When I saw the Russian athletes being represented as ROC (Russian Olympic Committee), this aroused certain interest in me. I learned that the Russians were banned to compete in Summer Olympics 2020 due to a ‘state-sponsored doping program’ in their country. However, some of them were allowed to participate representing the nation’s Olympic committee.
There are 206 National Olympic Committees (NOCs) recognized by the International Olympic Committee. These NOCs are responsible for developing, promoting, and protecting the Olympic movement in their respective countries. They have a separate emblem and a flag. It seems that even athletes from countries that are banned from participating can participate under their Nation’s Olympic Committee.
China against the world
Certain events in this Olympics were completely dominated by China. For instance, in weightlifting, table tennis, and diving, the Chinese athletes have claimed most of the golds. In weightlifting, I observed that there was no competition for the Gold medal. The Chinese were competing against themselves in the gold medal position. The rest of the world were fighting for the remaining two positions.
Even in other events, including the track and field events, the Chinese have won medals or at least their athletes sustained till the finals. I remember watching a video on Youtube about how the Chinese are preparing for the Olympics. The video says it all. From a very young age, the Chinese kids are trained by the Country for participating in Olympics. I am not much into numbers. While writing this article, the US athletes have surpassed the Chinese in the medal tally. All I wanted to say is that the Chinese select certain sports they are good at train hard to win all the medals under that category. It seems like a strategy. I think, even India should adopt such a policy and invest more in training our athletes in the sports we are natural at.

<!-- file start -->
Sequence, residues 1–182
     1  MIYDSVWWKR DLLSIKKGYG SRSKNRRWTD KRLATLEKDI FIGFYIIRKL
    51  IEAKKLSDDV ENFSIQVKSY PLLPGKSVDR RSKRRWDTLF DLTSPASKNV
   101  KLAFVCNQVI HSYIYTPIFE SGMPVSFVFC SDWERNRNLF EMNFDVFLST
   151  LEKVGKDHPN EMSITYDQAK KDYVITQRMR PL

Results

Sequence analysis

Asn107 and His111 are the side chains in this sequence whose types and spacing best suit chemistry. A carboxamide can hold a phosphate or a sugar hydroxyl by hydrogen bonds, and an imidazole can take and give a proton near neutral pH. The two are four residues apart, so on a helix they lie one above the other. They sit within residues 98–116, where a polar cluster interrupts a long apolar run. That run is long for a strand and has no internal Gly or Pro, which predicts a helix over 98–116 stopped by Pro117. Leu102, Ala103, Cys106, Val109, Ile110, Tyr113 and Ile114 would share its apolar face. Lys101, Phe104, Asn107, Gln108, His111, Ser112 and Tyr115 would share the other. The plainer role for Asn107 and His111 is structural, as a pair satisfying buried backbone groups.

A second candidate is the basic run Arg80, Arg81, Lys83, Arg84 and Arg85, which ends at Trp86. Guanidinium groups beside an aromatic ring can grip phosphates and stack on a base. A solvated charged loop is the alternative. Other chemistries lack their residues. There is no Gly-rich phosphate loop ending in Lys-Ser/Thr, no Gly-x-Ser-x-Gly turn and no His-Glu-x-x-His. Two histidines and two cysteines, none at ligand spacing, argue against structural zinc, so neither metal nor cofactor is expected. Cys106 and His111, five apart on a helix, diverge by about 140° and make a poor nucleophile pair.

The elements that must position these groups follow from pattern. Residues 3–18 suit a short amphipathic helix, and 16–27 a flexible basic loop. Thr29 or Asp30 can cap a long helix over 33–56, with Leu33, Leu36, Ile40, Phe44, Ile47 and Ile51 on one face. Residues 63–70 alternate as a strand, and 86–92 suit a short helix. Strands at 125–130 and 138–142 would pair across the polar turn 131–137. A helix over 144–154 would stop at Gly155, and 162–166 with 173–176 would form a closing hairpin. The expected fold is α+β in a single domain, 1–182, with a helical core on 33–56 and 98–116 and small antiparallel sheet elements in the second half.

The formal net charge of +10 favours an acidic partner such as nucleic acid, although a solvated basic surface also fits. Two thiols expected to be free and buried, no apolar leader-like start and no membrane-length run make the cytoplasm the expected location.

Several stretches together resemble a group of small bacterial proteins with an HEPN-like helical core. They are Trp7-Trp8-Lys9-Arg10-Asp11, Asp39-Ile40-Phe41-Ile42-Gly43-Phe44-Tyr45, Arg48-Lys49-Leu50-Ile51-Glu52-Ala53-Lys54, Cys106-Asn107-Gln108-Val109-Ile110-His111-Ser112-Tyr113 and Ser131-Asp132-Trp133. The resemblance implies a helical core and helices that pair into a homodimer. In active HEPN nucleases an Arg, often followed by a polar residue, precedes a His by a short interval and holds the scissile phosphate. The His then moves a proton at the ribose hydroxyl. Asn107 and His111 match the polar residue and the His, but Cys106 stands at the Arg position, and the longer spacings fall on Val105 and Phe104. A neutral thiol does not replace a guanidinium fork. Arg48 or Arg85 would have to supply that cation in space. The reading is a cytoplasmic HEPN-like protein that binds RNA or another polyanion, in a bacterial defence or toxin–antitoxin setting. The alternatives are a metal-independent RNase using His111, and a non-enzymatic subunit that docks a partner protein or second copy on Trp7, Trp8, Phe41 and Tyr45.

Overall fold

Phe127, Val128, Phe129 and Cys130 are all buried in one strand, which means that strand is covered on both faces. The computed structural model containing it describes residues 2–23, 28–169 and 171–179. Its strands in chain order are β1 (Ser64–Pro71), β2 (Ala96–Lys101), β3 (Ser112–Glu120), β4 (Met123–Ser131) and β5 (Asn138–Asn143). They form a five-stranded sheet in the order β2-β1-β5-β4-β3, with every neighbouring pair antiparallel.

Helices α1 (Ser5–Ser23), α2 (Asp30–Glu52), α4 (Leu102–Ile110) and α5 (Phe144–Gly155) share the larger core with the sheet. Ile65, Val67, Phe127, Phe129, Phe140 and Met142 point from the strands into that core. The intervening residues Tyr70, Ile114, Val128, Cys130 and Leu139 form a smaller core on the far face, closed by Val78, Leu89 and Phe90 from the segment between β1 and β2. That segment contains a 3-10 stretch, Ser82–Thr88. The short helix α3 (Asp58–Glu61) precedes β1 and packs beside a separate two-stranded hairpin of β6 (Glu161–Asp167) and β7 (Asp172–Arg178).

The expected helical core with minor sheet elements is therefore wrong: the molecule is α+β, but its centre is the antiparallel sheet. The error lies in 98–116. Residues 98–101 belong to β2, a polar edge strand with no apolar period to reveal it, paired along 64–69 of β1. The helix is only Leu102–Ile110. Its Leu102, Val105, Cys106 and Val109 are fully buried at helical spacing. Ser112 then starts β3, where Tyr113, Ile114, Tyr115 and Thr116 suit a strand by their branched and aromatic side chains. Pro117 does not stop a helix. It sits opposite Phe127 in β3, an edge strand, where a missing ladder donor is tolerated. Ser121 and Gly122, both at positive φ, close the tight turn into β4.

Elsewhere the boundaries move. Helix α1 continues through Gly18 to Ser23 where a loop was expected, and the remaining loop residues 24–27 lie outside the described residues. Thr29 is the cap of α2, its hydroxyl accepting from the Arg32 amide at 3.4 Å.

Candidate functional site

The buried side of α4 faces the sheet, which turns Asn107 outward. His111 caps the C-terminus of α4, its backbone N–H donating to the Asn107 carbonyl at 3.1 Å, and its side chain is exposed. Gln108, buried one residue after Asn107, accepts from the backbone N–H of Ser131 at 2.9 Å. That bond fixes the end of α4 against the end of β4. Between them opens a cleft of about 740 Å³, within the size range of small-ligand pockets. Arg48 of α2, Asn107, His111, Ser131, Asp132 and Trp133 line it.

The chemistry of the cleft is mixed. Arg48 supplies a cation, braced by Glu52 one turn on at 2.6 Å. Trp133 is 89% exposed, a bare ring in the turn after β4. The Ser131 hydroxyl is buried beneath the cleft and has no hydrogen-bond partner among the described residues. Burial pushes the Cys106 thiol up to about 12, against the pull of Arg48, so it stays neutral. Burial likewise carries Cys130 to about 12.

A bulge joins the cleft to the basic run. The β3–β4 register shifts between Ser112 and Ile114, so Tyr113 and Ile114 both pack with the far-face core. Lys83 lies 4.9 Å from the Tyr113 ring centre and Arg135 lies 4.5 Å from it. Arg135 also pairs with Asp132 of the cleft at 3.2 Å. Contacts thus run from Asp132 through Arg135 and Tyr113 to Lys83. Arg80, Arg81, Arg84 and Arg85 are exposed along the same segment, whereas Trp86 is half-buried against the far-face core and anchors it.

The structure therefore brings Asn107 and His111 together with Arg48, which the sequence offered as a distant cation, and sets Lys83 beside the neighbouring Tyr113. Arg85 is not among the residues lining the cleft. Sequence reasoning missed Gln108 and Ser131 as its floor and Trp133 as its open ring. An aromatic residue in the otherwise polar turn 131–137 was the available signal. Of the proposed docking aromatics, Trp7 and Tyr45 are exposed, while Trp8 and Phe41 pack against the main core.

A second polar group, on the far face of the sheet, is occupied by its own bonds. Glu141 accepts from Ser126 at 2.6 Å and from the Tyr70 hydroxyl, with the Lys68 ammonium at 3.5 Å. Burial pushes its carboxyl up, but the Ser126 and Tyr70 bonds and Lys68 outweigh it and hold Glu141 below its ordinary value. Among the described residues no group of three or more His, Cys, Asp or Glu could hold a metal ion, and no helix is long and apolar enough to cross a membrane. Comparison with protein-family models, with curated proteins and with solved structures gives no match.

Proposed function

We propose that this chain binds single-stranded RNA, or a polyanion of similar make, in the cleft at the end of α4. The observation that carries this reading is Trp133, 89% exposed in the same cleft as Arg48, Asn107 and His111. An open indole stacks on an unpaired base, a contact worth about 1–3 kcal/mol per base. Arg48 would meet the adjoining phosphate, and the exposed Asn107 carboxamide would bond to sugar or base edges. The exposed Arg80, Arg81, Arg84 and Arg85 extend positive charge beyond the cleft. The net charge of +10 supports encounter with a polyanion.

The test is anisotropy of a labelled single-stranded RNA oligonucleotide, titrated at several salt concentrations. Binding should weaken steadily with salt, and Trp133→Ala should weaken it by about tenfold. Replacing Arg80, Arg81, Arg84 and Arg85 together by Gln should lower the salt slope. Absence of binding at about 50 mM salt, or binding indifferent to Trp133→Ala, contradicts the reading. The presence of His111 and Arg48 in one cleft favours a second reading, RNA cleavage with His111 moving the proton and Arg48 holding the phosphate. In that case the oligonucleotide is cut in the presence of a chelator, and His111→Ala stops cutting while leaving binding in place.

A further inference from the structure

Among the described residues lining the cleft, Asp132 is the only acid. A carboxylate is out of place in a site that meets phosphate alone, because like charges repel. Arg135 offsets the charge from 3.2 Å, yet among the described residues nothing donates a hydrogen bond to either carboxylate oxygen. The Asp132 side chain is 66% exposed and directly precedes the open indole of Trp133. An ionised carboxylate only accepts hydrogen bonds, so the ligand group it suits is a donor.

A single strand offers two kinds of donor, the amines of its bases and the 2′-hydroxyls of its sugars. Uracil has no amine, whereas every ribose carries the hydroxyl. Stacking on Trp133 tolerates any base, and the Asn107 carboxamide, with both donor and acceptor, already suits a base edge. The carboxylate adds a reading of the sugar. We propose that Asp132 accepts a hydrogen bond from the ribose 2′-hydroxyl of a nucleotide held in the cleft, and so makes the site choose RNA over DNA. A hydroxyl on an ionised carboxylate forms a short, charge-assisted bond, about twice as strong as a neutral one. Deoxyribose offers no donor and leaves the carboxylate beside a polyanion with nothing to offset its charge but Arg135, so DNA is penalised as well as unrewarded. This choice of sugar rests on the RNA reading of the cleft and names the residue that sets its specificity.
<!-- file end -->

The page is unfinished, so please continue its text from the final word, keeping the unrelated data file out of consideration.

Dependence on individuals
Also, as a country, we are overly dependent on one person for a medal. This will put lot of pressure on that person. The status of World No: 1 doesn’t matter in Olympics. It all boils down to their performance on the given day. Seeing Deepika Kumari fail in archery and Vinesh Phogat in wrestling has taught us what pressure can do to athletes. There is no harm in wishing for a Gold medal, but pinning all our hopes on certain individuals and talking as though there is no one to beat them in the world, even before the events start doesn’t do any good to them.
I feel that our country’s Olympic committee should invest more in training the athletes, instead of gifting them enormous money after they win a medal. The Indian athletes have made us proud and I do not doubt it, but the sacrifices they had to undergo to be there, are enormous. India with such huge manpower should build better infrastructure and training facilities for the development of sports in India. Our goal should be to gradually improve the medal count in the next 20 years and not just the next summer Olympics.
My journalist friend made a snark comment on me saying that I am a hyper- nationalist. I am not aware of such terms the media uses these days for being patriotic. All I want is that I want more medals for my country. I will cry shamelessly in the medal ceremony and will continue to support Indian athletes.